The residency stipend is £19,250 and initially the appointment is for 1 year. Reappointment (for subsequent years is made on an annual basis after review of progress) for a second ,third and fourth year depends on satisfactory progress of the scholar (the stipend rises to £20,800 by the fourth year). It has been agreed with the Inland Revenue that these scholarships are not subject to P.A.Y.E. and National Insurance contributions are the responsibility of the individual. Clinical Scholars are entitled to an exemption on Council Tax payments (regulations vary between Local Authorities). There is no accommodation provided for senior clinical scholars. Holders of senior clinical scholarships are required to matriculate (register) as postgraduate students in My Campus.
Externally funded residencies (senior clinical scholarships) may vary in stipend award.
3.5Start Dates and Induction
3.5.1 Start Dates
Entry to the residency programme will generally take place on either 1st March or 1st September but vary with clinical discipline to comply with specific European College exam dates.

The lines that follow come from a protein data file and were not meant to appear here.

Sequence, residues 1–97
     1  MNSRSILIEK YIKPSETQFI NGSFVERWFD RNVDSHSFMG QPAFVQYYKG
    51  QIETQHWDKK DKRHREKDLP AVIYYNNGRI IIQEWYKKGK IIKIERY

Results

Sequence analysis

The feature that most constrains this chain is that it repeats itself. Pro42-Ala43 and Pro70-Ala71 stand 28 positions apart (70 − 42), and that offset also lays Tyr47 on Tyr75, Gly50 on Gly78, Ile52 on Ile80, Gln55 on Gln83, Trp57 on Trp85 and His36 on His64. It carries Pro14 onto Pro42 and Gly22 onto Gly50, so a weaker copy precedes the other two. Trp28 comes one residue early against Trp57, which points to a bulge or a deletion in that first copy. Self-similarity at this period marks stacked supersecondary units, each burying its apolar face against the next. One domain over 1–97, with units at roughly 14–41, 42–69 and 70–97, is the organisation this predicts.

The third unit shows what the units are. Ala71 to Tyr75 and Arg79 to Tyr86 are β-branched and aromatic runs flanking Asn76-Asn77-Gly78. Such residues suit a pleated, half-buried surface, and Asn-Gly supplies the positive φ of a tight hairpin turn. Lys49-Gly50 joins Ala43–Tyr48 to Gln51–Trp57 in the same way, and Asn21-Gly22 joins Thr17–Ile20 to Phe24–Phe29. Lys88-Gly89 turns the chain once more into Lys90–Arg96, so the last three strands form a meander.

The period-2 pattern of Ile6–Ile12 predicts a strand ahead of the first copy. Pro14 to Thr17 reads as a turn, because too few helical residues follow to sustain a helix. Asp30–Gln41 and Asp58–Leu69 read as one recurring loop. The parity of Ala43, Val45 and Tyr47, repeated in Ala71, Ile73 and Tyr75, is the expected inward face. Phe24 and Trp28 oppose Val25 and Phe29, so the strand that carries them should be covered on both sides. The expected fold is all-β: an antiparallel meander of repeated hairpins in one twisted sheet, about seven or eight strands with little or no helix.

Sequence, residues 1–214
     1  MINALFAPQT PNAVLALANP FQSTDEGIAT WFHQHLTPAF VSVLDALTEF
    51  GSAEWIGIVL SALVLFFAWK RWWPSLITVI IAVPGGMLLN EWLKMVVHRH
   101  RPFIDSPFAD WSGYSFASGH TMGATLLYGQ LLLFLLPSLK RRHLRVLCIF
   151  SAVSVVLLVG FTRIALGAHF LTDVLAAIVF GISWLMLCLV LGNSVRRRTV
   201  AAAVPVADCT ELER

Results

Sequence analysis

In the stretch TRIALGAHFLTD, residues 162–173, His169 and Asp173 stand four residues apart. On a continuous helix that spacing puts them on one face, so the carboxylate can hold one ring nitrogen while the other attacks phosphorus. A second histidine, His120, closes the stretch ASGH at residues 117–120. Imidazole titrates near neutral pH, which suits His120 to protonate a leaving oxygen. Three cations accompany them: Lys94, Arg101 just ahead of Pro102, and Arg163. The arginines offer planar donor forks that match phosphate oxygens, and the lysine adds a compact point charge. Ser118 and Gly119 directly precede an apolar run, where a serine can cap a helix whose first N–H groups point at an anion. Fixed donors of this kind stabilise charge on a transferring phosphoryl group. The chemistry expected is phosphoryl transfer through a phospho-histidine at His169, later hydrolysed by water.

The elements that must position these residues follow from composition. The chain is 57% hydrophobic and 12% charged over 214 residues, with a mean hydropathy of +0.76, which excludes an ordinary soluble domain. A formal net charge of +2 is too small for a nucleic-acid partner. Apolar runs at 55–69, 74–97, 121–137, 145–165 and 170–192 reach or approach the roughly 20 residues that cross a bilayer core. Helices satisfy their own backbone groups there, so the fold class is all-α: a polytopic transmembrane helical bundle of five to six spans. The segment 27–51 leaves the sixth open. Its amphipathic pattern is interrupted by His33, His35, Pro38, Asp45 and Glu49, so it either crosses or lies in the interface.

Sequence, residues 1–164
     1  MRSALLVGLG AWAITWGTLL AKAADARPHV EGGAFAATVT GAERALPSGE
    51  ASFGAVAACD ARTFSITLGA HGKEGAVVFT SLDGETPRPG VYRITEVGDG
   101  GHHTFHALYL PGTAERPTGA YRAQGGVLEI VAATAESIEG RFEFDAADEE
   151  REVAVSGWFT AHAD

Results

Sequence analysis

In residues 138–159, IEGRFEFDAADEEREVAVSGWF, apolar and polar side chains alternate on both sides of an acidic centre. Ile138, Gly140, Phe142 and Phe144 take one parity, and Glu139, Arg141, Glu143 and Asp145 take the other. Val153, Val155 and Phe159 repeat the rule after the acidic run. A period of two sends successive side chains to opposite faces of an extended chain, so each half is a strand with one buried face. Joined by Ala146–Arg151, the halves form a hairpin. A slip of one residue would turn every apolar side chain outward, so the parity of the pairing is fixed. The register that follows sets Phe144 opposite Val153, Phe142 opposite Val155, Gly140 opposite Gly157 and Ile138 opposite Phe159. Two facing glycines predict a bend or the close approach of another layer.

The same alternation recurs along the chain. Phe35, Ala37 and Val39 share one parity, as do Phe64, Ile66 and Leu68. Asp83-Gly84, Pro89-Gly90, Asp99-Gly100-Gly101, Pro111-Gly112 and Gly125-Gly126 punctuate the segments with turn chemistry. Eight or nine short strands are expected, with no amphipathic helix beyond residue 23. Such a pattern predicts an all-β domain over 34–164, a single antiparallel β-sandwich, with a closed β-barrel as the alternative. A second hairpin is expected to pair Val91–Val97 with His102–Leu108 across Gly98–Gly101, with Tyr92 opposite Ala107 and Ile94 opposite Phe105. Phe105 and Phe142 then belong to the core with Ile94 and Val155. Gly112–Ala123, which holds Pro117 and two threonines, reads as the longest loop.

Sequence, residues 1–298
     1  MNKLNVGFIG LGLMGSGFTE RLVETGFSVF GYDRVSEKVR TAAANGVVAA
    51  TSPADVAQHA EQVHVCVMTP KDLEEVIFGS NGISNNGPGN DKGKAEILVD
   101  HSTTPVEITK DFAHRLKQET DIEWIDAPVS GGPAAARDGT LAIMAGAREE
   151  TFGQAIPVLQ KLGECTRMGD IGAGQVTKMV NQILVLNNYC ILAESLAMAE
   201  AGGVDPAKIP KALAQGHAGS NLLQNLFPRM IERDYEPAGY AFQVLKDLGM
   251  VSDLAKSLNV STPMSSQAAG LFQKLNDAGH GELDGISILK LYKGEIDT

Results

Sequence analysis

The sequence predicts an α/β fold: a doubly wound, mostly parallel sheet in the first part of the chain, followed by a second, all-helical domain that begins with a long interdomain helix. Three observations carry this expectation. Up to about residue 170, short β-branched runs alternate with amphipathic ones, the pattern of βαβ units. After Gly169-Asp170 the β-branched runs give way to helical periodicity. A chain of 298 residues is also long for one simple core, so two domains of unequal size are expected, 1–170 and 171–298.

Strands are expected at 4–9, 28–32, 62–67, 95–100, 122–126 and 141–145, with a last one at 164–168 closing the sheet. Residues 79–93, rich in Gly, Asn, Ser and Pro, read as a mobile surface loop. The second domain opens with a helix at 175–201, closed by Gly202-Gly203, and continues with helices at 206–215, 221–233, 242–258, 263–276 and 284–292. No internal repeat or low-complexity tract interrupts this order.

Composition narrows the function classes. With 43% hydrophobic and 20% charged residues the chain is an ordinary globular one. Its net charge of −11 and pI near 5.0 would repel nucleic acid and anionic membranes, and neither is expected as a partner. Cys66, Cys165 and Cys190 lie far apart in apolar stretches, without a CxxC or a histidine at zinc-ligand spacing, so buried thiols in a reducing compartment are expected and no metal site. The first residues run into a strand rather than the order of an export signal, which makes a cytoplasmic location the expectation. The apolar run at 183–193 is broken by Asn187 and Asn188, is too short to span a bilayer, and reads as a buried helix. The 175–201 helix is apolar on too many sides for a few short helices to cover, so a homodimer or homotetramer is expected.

Orientation will comprise a tour of the campus with special reference to clinical facilities, clinicopathological facilities, James Herriot Library and an introduction to relevant academic staff/residents/interns and the administrative staff within the clinical services unit.
3.5.3 Standard Operating Procedures
Throughout the veterinary school there are regularly updated Standard Operating Procedures (SOPs) for all activities. Residents will be required to familiarise themselves with the SOPs relevant to the hospital/unit in which their work will be undertaken.
3.5.4 Health and Safety Policies
Residents will be required to familiarise themselves with School/Hospital/Unit Health and Safety Policies. The convenor of the School Health and Safety Committee is Ms A. Macrae. Appropriate personal protective clothing will be supplied to residents.
3.5.5 Ethics and Welfare